They sat on the cool sofa as she turned the pages of the softcover photo book. It had come in a package with a note about how they had helped see the couple through that last part of their journey and she had been opening the mail while they talked because it had been four days and the rest of the family would be all flying back east on Sunday for a wedding somewhere on Long Island.
“These are so beautiful.”
They were soft lit, natural photographs of a writer’s room. Full of books and souvenirs and the small pieces of sculpture and art sat in front of the book spines, because they weren’t retrieved all the frequently. A writer’s library slowly becomes a fixed immovable situation over time, sedimentary evidence of reading and research and interests. All the western section in a row, the Wyatt Earp next to the John Wayne.
“He really loved the west.” The writer, now passed, had lived mainly in England and the two families had exchanged houses and they drove all around, he was fascinated by the West. His son had been born while he was teaching for a year in the states, just lucky enough to receive dual-citizenship. The son wrote, too, and was in LA and working on a screenplay that had been picked up by a studio.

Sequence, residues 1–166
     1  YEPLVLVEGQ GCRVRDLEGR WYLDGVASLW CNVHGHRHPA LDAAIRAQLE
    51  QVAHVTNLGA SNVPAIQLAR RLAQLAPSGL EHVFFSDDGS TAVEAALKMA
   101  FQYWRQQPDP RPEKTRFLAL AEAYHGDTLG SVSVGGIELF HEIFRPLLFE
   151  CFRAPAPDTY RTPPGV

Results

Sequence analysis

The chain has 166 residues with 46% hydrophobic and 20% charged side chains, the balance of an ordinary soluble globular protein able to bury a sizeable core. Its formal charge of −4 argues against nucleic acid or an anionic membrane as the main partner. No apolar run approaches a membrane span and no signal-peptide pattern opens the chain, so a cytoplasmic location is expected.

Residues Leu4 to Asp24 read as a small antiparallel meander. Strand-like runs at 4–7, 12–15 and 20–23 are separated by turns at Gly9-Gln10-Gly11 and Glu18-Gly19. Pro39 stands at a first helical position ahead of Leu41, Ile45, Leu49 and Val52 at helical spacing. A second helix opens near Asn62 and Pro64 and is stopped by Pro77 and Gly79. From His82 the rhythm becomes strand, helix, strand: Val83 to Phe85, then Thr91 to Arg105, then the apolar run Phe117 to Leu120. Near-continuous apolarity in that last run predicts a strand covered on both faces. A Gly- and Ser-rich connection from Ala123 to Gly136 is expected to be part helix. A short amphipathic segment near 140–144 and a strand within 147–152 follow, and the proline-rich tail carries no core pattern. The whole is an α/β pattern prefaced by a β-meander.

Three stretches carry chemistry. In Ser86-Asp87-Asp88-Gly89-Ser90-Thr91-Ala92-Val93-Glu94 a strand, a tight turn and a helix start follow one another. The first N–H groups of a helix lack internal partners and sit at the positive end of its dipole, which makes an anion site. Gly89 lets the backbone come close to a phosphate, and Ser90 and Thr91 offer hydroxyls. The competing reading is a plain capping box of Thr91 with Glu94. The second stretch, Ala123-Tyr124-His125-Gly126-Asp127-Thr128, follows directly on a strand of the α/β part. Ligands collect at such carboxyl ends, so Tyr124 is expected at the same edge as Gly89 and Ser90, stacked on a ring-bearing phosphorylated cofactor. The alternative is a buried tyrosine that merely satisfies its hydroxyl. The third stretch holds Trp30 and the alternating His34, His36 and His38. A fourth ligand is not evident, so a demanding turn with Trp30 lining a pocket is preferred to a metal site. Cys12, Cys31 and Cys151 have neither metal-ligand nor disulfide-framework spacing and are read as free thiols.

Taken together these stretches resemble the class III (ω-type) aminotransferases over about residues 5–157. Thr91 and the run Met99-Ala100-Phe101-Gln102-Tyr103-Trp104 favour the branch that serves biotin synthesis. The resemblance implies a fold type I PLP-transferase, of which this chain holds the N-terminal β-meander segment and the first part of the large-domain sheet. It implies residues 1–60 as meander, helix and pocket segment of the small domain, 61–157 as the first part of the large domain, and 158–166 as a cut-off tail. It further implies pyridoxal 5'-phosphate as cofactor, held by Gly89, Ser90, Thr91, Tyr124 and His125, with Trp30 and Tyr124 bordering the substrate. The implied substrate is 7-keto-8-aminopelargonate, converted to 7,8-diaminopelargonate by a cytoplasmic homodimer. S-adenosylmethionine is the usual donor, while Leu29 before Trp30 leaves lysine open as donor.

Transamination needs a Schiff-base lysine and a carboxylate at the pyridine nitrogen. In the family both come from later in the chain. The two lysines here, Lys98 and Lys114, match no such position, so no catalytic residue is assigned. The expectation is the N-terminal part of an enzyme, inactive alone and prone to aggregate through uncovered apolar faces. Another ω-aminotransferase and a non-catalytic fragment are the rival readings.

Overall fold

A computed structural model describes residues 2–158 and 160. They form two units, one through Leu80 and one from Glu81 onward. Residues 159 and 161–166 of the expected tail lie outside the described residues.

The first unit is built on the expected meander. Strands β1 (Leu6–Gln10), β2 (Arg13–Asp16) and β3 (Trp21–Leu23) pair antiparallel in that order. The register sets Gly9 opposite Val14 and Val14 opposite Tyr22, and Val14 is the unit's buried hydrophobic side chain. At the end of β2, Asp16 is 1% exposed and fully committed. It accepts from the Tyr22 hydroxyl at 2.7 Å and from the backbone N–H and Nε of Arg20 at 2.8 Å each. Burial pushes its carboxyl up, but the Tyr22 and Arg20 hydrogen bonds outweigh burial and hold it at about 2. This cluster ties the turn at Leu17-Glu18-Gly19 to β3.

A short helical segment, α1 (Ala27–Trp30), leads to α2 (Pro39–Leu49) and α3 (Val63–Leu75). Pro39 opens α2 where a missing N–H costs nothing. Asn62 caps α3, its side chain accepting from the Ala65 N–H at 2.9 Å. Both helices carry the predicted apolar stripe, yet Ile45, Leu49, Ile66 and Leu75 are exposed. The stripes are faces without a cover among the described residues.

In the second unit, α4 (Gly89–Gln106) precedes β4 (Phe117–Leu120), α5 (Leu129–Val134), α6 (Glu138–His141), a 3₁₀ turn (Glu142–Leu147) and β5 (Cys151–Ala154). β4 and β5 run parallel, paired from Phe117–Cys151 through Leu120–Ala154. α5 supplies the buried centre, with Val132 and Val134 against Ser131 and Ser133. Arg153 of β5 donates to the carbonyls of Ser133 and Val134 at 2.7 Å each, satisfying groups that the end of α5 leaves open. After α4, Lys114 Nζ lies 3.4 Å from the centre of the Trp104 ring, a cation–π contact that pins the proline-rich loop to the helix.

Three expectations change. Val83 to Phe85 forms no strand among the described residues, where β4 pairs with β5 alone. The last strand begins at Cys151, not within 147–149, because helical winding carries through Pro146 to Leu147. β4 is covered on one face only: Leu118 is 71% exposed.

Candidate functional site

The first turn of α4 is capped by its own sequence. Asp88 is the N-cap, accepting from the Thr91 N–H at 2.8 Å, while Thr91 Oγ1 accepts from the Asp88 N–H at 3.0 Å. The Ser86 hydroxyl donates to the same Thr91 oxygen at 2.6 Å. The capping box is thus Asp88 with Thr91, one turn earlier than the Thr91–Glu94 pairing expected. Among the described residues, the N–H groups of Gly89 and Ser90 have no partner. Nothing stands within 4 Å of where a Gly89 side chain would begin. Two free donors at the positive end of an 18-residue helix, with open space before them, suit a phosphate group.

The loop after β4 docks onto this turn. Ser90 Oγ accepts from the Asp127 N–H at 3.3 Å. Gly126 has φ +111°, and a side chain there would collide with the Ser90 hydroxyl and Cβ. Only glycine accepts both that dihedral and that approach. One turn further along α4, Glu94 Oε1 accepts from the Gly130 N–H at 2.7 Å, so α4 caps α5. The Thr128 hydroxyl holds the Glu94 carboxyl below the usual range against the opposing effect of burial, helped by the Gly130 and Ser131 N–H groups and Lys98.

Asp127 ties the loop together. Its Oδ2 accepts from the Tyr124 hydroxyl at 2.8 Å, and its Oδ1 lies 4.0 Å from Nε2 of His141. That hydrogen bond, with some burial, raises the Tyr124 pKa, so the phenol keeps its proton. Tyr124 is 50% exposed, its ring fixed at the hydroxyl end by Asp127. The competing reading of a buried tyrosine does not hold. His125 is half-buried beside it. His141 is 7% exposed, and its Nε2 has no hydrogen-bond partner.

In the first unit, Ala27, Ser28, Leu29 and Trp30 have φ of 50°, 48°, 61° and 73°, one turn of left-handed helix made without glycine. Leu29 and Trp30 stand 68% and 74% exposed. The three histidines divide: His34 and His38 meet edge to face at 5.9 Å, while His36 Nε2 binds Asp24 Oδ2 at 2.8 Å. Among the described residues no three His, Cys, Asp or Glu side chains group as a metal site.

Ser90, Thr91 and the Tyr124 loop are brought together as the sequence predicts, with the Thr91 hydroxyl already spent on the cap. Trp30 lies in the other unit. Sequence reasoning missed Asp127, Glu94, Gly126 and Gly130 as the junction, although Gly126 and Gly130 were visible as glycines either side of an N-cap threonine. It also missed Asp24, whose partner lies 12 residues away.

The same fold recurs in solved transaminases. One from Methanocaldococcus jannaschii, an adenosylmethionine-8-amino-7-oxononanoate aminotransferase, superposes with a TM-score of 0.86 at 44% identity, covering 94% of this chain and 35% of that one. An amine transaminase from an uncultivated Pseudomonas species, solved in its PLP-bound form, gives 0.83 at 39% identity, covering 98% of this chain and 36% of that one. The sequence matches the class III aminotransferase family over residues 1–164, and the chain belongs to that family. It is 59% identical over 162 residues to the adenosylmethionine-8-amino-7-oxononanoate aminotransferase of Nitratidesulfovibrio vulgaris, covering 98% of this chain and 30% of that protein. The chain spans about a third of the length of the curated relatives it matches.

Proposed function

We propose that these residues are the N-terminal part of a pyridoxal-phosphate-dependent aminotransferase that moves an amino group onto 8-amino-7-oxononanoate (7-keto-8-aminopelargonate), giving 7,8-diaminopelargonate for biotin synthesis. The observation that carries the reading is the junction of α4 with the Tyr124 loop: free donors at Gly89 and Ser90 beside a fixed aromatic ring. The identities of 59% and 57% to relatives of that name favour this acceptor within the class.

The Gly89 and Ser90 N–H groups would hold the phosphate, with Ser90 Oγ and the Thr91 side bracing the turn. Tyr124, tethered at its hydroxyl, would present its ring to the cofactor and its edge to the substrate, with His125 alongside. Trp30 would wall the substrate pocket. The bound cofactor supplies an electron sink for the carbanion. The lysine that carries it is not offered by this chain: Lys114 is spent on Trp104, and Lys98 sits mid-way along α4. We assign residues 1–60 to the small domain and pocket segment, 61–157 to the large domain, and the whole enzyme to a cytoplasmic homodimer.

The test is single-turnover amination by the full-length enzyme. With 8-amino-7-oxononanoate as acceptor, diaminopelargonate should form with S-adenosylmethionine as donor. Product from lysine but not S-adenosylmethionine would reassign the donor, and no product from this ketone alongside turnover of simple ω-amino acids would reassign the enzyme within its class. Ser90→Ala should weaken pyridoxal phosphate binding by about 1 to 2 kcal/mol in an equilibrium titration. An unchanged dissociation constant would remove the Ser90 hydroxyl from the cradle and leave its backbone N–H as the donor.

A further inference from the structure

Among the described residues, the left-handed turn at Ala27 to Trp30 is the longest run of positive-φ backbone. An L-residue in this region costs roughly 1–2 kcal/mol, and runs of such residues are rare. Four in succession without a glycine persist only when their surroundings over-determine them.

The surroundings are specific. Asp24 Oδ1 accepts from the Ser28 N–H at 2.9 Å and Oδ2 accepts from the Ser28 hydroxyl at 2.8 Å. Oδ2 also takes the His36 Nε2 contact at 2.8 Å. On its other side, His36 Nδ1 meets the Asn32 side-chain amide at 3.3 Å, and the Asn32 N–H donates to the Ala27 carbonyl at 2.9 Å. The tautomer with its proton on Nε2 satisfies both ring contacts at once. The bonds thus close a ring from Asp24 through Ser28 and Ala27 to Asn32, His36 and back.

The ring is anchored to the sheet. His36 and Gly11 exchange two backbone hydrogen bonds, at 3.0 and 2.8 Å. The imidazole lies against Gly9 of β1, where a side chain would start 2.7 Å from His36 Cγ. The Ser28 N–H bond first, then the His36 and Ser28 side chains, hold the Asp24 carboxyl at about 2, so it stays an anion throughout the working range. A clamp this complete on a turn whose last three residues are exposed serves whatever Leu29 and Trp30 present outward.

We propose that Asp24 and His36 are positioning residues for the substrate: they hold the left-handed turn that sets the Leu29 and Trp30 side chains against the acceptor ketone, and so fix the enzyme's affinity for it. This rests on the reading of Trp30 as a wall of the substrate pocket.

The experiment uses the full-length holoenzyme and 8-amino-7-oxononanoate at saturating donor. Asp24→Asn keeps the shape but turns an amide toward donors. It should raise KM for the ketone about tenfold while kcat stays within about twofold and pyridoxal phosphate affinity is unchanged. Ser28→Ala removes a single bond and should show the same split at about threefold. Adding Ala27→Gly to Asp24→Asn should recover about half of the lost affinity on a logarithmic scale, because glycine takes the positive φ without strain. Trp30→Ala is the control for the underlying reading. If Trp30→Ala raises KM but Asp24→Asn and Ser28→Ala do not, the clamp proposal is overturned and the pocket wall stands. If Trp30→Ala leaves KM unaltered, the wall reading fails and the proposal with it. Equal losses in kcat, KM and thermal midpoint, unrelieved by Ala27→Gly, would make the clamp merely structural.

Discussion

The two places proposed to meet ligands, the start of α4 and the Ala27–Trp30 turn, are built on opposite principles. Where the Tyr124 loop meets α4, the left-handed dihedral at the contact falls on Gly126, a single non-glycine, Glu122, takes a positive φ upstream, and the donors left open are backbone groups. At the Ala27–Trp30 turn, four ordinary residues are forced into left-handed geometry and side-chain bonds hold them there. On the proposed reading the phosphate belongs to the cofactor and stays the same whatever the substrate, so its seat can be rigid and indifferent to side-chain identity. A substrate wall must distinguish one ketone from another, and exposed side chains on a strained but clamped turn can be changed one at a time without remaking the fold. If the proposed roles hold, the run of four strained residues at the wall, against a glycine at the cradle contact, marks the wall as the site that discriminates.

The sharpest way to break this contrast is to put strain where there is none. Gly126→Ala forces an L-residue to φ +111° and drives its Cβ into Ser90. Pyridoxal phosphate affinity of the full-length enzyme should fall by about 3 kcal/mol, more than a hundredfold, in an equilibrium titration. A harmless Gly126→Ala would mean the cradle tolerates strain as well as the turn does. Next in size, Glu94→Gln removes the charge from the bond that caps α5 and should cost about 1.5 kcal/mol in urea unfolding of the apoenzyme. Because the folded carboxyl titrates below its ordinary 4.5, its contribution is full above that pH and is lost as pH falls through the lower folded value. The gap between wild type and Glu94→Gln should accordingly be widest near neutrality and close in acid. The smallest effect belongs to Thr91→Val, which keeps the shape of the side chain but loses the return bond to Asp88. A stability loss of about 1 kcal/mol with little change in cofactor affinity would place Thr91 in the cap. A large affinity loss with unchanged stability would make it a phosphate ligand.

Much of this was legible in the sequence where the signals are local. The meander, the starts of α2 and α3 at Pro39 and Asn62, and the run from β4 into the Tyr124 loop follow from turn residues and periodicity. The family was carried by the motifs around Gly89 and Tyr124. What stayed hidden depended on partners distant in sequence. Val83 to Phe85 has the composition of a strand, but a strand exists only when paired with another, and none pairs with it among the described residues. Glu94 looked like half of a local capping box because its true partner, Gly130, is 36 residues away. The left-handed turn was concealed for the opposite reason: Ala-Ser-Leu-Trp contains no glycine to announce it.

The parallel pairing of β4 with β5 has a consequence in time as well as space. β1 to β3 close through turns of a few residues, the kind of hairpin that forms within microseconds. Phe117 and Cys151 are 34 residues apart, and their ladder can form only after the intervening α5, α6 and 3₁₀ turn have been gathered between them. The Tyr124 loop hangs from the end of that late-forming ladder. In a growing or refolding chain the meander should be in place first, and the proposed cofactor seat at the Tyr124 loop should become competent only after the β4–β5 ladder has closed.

“I feel like this is kind of the edge of the world, the last place that was settled, you know, like there is no where else to go? And it’s strange having been born here, where else is there really to go, except” and he pointed toward the ceiling.
“Oh, yes, I’ve thought that too.”
He thought about the ship, upturned, a gradient of birds. It was as close as their frontier had to a ruin, as far west as anyone could go on foot.
They talked about the project, which might turn into a whole career, if he wanted it.
After the memorial, the photographer said to her, “I realized I’ve been taking pictures of the wrong things this whole time.”
“He needed to focus on people?”